A couple weeks ago, I joined an old friend and a new one on a sketch and hike. We visited the (Whittier Narrows Nature Center) where we walked along the trails with our sketchbooks in hand. Along the way, I tested my knowledge of the California native plants by attempting to identify them from memory and by flipping through the pages of my National Audubon Society book on California. And then having my friend and volunteer docent, Armando correct me or say, “that’s correct!” followed by a high five.

Here are a few of the plants we saw along the trails and a few short descriptions about each one. Join me as I attempt to learn about my favorite painting subject, the California natives…

(click on the images to see more detail)

Bladderpod

(Peritoma arborea) is a part of the (cleomaceae) or spiderflower family and is a native, drought tolerant plant that can flourish in dry, salty soils with an occasional rainfall. It is debated whether it’s fragrance is pleasant or unpleasant. It’s yellow flowers attract bees, butterflies, and hummingbirds.

California coffeeberry

(Rhamnus californiaca) is a california native shrub that is quite tolerant of low water conditions. It’s berries will turn red and then black. It belongs to the buckthorn family (rhamnaceae) Its berries are a delicious snack for many birds and would be a great addition to any garden.

California sagebrush

(Artemisia californica) belongs to the sunflower family (asteraceae). This plant is extremely drought tolerant and provides a lovely scent. As cowboys traveled home, their boots brushing up against the fragrant sage, arrived smelling of herbs, giving it the nickname ‘cowboy cologne’. Pick some, put it in your pocket, no need to shower after a long hike, eh?

Scarlet larkspur

(Delphinium cardinale) belongs to the buttercup (Ranuncalaceae) family. Native to southern California, it grows on coastal and inland chaparral slopes. It flowers in Spring and Summer and is attractive to hummingbirds. The shape of the flower gives it the “spur” in its common name and it’s vibrant red gives it the “cardinale” in its binomial name.

Black Sage

(Salvia Mellifera) is a shrub that can grow a tall 3-6 feet high and in many types of soils in flats, foothills, and canyons. It’s flowers and seeds are food sources for many birds and insects.

Purple Sage (my favorite)

(Salvia leucophylla) is a California drought tolerant plant that requires little to no maintenance and still looks beautiful. It belongs to the lamiaceae family. It grows fast and in a naturally round shape (camera ready, needs no trimming).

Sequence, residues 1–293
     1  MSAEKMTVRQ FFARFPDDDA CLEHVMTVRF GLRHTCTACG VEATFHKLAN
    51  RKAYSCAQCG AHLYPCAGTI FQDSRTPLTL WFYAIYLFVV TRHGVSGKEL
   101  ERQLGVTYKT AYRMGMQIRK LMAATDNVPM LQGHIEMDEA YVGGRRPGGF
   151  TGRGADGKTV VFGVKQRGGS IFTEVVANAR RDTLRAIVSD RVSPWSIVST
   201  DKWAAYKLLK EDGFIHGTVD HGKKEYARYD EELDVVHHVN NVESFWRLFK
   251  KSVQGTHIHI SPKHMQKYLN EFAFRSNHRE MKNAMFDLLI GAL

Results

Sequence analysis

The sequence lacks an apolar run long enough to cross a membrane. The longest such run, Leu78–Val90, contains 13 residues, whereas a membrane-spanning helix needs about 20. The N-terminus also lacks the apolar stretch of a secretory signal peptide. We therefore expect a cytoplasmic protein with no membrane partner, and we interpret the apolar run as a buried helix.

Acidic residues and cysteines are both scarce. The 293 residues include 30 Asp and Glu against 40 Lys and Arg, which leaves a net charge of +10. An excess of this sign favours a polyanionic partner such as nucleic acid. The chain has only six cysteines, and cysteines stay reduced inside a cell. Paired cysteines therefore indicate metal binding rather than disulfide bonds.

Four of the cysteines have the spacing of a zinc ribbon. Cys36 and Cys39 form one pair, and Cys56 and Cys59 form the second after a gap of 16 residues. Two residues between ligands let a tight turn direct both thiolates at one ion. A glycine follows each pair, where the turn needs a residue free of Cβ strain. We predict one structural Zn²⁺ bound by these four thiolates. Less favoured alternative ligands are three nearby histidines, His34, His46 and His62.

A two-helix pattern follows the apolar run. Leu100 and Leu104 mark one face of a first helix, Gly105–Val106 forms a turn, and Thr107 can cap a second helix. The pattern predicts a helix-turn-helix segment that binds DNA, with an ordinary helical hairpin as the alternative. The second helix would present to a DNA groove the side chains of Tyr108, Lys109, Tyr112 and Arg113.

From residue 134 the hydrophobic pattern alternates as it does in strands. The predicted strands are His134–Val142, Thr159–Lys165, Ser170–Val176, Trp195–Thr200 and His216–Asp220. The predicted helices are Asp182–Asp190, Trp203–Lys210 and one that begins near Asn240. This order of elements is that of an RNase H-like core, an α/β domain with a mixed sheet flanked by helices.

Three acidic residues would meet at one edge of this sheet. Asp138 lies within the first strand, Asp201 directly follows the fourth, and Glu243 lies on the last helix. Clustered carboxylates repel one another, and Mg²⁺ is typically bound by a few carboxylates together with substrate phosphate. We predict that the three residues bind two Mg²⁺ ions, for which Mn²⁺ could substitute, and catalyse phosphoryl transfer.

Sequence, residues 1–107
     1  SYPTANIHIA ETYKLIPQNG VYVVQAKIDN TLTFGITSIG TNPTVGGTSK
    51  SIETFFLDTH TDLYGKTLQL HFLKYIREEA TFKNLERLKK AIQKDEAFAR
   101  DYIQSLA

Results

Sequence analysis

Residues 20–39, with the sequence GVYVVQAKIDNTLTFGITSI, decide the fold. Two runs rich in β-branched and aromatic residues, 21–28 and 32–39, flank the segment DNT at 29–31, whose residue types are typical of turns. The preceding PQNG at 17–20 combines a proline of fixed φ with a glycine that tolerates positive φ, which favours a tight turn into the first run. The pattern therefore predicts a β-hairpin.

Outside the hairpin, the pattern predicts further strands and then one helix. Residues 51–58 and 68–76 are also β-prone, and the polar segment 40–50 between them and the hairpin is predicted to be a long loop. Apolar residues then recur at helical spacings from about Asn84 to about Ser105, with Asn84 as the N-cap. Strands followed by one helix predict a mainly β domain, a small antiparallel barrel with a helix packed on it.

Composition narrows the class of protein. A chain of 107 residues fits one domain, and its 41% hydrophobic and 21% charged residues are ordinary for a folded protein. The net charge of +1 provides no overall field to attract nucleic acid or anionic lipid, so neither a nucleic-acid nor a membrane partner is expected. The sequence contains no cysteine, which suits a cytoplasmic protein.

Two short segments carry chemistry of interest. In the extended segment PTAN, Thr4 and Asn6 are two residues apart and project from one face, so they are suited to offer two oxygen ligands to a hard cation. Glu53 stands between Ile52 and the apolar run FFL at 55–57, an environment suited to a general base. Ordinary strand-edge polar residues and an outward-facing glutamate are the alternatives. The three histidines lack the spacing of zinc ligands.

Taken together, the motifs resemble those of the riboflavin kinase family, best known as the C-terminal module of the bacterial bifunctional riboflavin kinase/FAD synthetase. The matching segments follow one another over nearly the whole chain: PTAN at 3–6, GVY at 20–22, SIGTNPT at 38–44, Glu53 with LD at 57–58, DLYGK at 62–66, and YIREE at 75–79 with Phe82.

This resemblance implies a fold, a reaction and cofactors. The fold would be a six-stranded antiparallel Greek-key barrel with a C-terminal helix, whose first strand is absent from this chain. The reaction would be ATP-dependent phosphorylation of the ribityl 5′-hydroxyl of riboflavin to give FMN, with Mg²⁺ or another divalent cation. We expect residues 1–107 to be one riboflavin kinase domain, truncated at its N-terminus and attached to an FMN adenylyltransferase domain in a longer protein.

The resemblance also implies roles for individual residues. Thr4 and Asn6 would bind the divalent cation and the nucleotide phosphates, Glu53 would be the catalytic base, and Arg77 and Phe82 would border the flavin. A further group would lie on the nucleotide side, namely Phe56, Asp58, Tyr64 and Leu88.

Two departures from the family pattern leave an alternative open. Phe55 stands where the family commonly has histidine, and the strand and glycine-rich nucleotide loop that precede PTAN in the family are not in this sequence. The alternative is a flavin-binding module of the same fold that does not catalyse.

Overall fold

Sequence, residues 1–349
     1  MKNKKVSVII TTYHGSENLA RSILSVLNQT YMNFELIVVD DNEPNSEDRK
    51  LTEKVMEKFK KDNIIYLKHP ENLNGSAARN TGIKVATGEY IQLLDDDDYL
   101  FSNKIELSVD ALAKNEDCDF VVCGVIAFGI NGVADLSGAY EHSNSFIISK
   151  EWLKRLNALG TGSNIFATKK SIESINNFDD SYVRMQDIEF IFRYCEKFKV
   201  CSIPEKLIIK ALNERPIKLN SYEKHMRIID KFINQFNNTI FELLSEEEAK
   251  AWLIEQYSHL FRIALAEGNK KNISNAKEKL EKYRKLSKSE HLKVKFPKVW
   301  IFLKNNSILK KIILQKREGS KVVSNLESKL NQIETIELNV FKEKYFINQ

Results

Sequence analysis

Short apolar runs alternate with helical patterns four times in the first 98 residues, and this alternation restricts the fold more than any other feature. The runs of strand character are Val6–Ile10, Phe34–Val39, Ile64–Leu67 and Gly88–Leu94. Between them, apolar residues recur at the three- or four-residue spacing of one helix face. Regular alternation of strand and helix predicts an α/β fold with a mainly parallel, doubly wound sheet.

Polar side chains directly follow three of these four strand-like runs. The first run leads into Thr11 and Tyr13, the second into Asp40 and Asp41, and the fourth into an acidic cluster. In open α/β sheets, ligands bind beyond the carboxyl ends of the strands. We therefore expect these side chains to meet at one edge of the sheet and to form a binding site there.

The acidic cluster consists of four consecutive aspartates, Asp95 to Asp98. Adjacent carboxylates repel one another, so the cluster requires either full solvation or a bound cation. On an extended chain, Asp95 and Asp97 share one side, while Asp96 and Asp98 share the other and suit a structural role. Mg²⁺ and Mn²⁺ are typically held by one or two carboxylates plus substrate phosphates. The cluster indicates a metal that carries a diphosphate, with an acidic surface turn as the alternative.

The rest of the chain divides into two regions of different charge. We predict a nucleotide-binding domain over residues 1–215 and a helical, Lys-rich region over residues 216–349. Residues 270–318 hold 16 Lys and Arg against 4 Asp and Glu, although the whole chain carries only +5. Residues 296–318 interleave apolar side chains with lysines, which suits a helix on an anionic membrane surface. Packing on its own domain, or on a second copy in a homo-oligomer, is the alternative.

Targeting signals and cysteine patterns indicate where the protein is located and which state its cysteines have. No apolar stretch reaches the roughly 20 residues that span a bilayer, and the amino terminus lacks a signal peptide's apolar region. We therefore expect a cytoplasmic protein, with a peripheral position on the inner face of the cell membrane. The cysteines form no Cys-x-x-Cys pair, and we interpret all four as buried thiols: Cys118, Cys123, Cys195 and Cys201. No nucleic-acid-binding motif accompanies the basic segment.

White Sage

(Salvia apiana) thrives in full sun and dry, well-drained soil. It attracts bees which gives it it’s second name, Bee sage. Of course, it also gives it the ‘apiana’ in it’s binomial name which translates to ‘belonging to bees’.

 

Cooper’s Hawk

The accipiter cooperii can be identified by its broad, rounded wings that have a flying pattern of two flaps and a glide. It has a long, dark banded tail and warm reddish brown speckled upper breast. I won’t go into much detail because with my little knowledge, I’d hate to confuse a juvenile and an adult or whatever else I can mix up at this point.

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But isn’t it so cool to start building a library of knowledge of the world that surrounds us? I feel so satisfied when I can properly identify something in the wild. But being able to identify a plant or an animal is not enough. Knowing the effect these things have on our earth is so important. For instance, I love to look of Black mustard and how the yellow flowers grow in abundance in the hills of Whittier, CA. But little did I know before, it is extremely invasive and prevents native plant life from growing around it. That’s why when it dies in the summertime (as it looks presently) the hills look completely brown and lifeless. Imagine what could be flourishing up there if the Black mustard hadn’t taken over. These kind of things are very important to know. Knowledge is power!

If you have any more information on the plants above, please leave me a comment. I’d love to learn more!

P.S.

For my next hike, I plan on taking the pochade box I’m currently working on. I have plein air painting on the brain. So for the next post, I plan on mixing plant identifications and some watercolor or gouache paintings. So excited! Stay tuned!

Tree stump sketch from the nature center…